Codex RegiusCodex TrajectinusCodex WormianusEmended & Modernized
7 : 5-8 VariantsVariants 
žverrir lętr nema žyRižueriur ; letletŽverrir lét, nema žyrri
žõs barna ser ma/rnaržonsžorsžorns, barna sér mörnar,
sneri bloš til svira snœrisnerriblóš, til, svķra,
salžax megin vaxa.salžacs salžaks megin vaxa.

Here we have a main clause, and a subordinate clause, intricately intertwined:

Žverrir barna mörnar lét sér megin vaxa til salžaks, nema žyrri snerriblóš svķra Žorns, i.e. "the diminisher of Morn's children [Thor] threatened that his power would grow unto the hall's roof [heaven], unless the gushing-blood of Žorn's neck [ocean] would diminish.

In Snorri's prose version of the tale (Skįldskaparmįl 26), he quotes the following stanza, which seemingly contains a paraphrase: "Vaxattu nś Vimur / alls mig žig vaša tķšir / jötna garša ķ! / Veistu ef žś vex / aš žį vex mér įsmegin / jafnhįtt upp sem himinn!", i.e. "Don't rise now, Vimur, when I want to wade across you, into the home of giants! You know that if you rise, then my god-power will rise as high as heaven!" The origin of this stanza is unknown. It may derive from a lost poem, or simply be Snorri's (or somebody else's) interpretation of Žórsdrįpa 7:5-8 in a different meter (Ljóšahįttur).

žverrir barna mörnar ] "the diminisher of the children of the giantess", cp. frumseyrir fljóša (4:1-4). The verbs žverra and seyra are practically synonyms. Žyrri is a subjuntive form of žverra, and seyra (verb) could mean "trickle", while seyra (noun) could mean a "small brook, slowly trickling water". The "diminisher" (žverrir, seyrir) of giants (i.e. Thor) threatens the Ocean that he will grow into his full power, unless the Ocean itself diminishes (žyrri).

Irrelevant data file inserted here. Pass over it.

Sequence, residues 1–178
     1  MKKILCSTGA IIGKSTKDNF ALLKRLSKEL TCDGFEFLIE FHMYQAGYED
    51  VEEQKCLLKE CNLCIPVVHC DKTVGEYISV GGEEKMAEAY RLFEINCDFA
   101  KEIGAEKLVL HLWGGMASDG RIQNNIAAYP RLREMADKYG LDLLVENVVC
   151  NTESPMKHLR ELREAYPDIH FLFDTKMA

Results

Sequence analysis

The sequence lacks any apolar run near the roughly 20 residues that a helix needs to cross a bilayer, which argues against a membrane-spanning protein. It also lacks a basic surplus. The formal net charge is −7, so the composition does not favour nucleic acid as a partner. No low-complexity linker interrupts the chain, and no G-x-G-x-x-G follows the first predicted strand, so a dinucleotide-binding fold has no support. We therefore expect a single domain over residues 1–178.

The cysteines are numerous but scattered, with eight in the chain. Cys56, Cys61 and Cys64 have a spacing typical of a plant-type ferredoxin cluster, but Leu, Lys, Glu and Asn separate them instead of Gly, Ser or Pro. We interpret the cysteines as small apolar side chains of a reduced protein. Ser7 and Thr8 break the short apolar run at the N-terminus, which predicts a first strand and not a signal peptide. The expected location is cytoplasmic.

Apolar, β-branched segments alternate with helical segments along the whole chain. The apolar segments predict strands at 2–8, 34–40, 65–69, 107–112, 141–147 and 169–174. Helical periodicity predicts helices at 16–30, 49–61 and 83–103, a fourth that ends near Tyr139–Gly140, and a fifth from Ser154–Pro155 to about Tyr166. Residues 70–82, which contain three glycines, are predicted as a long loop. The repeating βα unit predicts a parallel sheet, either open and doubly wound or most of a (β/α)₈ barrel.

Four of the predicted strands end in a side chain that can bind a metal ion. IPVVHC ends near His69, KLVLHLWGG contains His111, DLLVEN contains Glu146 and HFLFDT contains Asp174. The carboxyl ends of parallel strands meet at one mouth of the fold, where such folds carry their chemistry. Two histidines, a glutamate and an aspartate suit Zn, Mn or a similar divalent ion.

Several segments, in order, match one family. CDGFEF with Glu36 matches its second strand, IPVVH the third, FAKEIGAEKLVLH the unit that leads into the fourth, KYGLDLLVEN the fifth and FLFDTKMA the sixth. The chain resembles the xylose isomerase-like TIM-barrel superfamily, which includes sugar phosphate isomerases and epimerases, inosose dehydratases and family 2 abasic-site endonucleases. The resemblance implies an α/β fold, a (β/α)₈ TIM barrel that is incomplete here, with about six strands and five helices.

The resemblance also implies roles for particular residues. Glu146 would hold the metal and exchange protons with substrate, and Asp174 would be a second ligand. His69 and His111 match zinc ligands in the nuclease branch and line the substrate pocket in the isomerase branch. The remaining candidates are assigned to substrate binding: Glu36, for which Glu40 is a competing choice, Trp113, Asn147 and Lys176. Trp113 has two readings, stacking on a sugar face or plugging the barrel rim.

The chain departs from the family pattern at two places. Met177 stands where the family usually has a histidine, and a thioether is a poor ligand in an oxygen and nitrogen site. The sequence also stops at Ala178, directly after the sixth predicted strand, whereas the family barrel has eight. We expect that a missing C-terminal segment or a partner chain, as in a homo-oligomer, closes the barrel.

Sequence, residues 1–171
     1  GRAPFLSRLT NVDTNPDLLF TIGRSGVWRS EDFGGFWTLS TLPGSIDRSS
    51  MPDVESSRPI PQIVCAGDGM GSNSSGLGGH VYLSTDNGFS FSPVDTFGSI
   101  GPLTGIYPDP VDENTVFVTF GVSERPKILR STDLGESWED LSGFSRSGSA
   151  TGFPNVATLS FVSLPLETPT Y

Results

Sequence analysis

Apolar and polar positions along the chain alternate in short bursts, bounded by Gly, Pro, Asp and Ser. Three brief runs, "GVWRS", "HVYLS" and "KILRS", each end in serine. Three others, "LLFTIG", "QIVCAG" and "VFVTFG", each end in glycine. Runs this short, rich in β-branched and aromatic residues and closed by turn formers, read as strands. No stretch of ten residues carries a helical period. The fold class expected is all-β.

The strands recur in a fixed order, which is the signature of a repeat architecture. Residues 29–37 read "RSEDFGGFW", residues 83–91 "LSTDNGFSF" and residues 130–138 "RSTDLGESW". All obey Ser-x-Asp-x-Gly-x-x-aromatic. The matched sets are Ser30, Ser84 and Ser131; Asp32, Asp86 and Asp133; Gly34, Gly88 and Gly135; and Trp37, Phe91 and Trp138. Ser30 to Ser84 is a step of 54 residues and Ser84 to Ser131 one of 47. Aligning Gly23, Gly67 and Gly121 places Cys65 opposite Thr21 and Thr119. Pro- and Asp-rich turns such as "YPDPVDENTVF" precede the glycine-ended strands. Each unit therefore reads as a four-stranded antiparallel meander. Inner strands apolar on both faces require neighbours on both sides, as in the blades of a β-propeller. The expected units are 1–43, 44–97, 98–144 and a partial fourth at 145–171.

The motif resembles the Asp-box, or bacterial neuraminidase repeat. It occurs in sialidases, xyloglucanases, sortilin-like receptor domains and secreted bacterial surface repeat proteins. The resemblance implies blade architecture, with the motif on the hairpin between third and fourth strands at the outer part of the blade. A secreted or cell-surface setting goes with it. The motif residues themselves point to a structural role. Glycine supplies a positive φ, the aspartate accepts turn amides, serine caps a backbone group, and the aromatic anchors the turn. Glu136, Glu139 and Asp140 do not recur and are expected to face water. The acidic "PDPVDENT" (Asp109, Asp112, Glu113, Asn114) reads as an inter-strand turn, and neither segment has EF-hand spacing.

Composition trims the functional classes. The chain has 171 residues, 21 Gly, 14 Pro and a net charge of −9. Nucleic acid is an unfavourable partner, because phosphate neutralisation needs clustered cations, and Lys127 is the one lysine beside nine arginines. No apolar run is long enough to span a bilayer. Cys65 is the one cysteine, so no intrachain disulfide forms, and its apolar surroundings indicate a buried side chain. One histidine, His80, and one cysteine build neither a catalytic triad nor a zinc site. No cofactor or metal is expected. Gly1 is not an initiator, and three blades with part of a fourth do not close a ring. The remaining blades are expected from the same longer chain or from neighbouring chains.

Mörn may originally have been a name of Skaši, the daughter of Žjazi. It is, however, frequently used as a generic word, meaning "giantess"; also in the plural mörnir "giantesses", as in Völsa žįttur: žiggi mörnir / žetta blęti.

salžaks ] "the roof of the earth", i.e. heaven. The earth could be called salur "hall", cp. Völuspį 4:6 į salar steina.

snerriblóš svķra Žorns ] "the gushing-blood of the neck of Žorn (= Ymir)". Cp. Žorns nišjum (2:4), Gangs dreyra (4:1-4). From Gylfaginning 7, we learn that the sons of Bor (Bur) slaughtered the primeval giant, and that the ocean was created from the blood flowing from his wounds. The poet's kenning suggests that they cut his throat, which is more than likely. The primeval giant must have been enormous in size, and almost impossible to kill by lesser creatures. The (archetypical) scenario of the giant who gets his throat cut, while asleep, is tempting.

lét sér megin vaxa, nema žyrri... ] Above, I have adopted the usual interpretation: "he said (threatened) that his power would grow, unless [the ocean] would diminish". Such an interpretation assumes that the verb lét here means "said, stated". This is, of course, possible - but the construction lét ... vaxa, where we have to assume a future meaning of the infinitive vaxa, is not very convincing, especially since lét, in the previous half-stanza, has just been used in the more common meaning "let, allowed, made".

I would suggest a different interpretation, based on the poet's tendency towards extreme obliqueness of expression. We can simply read lét as "let, made", resulting in: "Thor made his power grow, unless [the Ocean] diminished". Syntactically, such a statement is puzzling (although quite possible). I suggest that nema žyrri "unless it lessened" should be read as a double negative, resulting in a positive. Common sense dictates that the ocean's force will not lessen, howsoever Thor threatens it. Thus nema žyrri "unless it lessened", actually means "because it did not lessen", i.e. "it grew stronger", i.e. né žyrri. The poet may thus be saying: "Thor made his power grow stronger, because the ocean grew stronger", but couching his meaning obliquely: "Thor made his power grow stronger, while the ocean did not grow lesser."

PREVIOUS [7:1-4] TOP [7:5-8] NEXT [8:1-4]